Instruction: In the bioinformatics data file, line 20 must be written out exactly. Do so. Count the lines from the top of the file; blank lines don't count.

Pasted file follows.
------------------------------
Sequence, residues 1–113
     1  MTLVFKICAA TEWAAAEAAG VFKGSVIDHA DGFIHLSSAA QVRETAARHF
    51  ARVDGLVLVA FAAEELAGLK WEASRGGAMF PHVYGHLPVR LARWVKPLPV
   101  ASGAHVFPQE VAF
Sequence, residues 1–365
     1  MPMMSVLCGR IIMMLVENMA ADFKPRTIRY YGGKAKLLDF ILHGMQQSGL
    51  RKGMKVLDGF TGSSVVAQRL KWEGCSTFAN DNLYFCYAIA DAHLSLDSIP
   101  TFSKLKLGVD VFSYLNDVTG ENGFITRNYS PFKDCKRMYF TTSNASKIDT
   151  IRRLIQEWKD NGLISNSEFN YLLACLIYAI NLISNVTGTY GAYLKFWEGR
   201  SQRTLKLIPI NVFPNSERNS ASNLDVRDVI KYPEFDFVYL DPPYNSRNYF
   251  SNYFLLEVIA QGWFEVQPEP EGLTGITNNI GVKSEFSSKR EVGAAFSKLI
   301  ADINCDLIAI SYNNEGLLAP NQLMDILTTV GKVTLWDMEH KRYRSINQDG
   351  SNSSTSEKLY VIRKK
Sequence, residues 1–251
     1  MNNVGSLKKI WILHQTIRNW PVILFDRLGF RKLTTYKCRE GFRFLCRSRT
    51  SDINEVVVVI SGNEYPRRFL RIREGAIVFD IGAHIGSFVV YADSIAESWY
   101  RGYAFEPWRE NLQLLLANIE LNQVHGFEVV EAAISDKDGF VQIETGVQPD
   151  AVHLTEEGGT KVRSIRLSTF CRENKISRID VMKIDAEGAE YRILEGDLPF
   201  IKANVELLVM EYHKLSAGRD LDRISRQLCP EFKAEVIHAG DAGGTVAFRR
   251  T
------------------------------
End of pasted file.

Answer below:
   251  T